The recent suspension of the democratic constitution
in Pakistan on November 3, 2007, and the silencing of many print and broadcast journalists is the first and most important
step in President General Pervez Musharraf’s
attempt to consolidate power and assume autocratic rule. Although the implication
of another dictatorship in this region of the world is obvious to most people who are remotely familiar with politics, I was
interested in discovering how American talk radio hosts would spin the fall of democracy so that it would actually appear
as a good thing. What I heard was no less than frightening.
In effect, conservative talk radio was either apologetic or ominously silent on the issue. Glenn Beck went as far as to say that it is preferable to have a dictatorship in Pakistan than to risk
it becoming an Islamic fundamentalist nation. Because the Bush administration
supports Musharraf with financial and military training aid, Republican sycophants such as Rush Limbaugh, Sean Hannity, Beck,
and others willingly refuse to cross swords with the administration. Instead,
these hosts prefer to “tote the party line” in the hope of 1) not alienating ultra-conservative listeners and
politicians and 2) widening the political dichotomy between democratic and republican candidates for president.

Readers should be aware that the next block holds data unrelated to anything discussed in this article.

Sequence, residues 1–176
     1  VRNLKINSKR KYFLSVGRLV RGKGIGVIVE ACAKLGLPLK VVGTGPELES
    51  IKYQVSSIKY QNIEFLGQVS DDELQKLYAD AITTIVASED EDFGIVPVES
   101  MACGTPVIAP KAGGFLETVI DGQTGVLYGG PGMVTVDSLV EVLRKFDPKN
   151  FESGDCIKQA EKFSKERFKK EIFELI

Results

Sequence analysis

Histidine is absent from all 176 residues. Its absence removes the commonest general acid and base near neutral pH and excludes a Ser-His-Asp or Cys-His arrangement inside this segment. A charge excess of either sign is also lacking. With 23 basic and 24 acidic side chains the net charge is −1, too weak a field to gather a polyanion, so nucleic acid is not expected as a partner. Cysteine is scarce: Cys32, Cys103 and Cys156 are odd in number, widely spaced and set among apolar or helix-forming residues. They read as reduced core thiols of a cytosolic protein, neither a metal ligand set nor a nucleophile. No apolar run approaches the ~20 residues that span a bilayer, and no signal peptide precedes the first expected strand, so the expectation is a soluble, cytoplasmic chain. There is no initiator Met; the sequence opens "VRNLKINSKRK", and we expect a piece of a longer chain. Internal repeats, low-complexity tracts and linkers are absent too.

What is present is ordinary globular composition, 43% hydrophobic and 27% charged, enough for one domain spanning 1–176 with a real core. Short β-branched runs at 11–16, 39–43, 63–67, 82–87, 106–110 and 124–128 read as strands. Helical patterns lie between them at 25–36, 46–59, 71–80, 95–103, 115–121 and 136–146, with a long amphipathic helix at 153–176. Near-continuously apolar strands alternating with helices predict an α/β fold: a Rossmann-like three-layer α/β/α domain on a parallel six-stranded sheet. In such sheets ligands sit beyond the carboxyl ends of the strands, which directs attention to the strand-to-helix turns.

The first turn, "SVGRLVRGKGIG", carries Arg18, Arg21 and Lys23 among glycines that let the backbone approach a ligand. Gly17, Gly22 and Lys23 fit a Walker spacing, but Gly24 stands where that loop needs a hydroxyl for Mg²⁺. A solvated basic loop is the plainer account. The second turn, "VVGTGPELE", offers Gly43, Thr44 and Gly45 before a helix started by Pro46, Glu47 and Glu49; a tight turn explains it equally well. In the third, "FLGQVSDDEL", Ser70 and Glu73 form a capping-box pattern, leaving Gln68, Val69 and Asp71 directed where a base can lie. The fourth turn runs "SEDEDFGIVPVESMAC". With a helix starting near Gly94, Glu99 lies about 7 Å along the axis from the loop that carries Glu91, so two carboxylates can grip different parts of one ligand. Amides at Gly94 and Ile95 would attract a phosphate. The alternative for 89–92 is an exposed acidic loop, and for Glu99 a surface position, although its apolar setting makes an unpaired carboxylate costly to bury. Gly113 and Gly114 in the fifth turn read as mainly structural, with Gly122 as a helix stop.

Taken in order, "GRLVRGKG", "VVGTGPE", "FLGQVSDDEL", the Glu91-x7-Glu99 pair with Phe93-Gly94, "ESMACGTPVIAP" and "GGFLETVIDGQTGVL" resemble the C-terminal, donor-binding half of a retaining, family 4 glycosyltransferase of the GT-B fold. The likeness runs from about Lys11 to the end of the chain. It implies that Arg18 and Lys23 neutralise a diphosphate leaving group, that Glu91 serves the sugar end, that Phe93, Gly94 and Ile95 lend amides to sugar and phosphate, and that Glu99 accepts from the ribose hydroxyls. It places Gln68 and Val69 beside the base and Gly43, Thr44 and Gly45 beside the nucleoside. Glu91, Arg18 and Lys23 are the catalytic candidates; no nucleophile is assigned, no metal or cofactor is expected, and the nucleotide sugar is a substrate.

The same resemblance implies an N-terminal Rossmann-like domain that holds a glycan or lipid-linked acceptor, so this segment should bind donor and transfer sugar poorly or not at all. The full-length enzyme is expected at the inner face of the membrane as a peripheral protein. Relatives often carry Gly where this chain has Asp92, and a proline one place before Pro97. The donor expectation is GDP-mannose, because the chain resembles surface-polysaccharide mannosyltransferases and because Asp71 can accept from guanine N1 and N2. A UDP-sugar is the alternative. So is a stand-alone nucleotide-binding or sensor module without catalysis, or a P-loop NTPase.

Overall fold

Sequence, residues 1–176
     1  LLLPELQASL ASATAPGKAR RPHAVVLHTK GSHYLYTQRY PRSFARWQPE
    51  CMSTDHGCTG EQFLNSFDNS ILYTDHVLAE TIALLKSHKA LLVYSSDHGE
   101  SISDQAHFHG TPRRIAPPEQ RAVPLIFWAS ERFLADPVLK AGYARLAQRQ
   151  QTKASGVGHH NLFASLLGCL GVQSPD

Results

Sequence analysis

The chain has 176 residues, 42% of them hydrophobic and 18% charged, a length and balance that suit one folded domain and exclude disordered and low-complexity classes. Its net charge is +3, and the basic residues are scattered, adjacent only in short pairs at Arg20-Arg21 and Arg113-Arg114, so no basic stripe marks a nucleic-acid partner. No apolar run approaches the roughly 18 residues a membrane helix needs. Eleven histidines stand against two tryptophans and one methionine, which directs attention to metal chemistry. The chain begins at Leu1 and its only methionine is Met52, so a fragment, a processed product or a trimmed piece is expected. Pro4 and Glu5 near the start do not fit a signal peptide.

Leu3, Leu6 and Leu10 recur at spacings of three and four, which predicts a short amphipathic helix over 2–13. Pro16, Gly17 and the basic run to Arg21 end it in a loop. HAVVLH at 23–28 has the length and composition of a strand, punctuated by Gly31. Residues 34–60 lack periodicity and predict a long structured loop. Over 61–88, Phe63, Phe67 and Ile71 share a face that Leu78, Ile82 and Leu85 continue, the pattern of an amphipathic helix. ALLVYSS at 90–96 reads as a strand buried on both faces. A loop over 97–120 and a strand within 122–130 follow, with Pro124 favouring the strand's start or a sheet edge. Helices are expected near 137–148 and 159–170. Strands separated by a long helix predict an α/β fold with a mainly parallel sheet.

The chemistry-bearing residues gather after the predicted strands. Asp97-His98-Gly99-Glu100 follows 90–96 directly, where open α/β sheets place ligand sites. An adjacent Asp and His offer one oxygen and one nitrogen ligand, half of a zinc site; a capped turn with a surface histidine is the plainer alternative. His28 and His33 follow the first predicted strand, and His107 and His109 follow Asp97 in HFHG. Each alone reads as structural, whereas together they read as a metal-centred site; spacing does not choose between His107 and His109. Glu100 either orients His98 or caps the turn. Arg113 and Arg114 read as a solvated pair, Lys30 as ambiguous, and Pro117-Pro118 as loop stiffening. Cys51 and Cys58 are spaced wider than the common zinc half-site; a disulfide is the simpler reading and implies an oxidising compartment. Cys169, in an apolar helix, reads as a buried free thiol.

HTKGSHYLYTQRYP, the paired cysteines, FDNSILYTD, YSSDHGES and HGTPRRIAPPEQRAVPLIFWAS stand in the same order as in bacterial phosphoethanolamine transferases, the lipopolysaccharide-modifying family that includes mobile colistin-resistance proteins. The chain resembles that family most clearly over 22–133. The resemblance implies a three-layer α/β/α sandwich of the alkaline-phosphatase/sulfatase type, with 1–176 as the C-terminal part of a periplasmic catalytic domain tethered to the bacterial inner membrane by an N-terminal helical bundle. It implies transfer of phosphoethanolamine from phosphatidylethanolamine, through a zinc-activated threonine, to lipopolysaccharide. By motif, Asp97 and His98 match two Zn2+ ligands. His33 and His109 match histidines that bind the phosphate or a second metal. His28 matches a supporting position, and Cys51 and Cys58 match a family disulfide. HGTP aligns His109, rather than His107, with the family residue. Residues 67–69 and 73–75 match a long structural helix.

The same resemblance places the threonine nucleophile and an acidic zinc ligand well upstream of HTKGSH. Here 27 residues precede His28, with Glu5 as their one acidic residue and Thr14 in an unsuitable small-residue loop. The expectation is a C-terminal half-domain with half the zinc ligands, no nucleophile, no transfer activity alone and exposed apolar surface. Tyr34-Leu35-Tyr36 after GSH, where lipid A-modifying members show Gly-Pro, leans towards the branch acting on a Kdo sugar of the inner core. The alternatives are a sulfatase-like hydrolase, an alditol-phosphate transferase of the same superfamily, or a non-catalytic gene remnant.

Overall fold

Interestingly enough, though, is the question what would they say should an American president ever impose martial
law and suspend the constitution because of fear that radicals may be destabilizing our government. Would these same conservative, talk radio personalities advocate and support the crackdown on freedom,
even if we were told that martial law was only temporary? I find it laughable
that lawyers in America would protest much as the Pakistani attorneys have done, and I can only assume, noting the sheep-like
nature of the average United States citizen, that nearly everyone would comply. While
free press would be squelched in America, stations that broadcast the likes of Limbaugh and Beck would be allowed to continue
to air their shows unabated while such talk show host spout their autocratic propaganda not wholly unlike many figures in
the media did in Germany in the 1930s and 40s.
When going to sleep tonight, we should ask ourselves this: Would I have the
courage to stand up in resistance to dictatorship should it ever arise on my home soil or would I, too, nod in obsequiousness?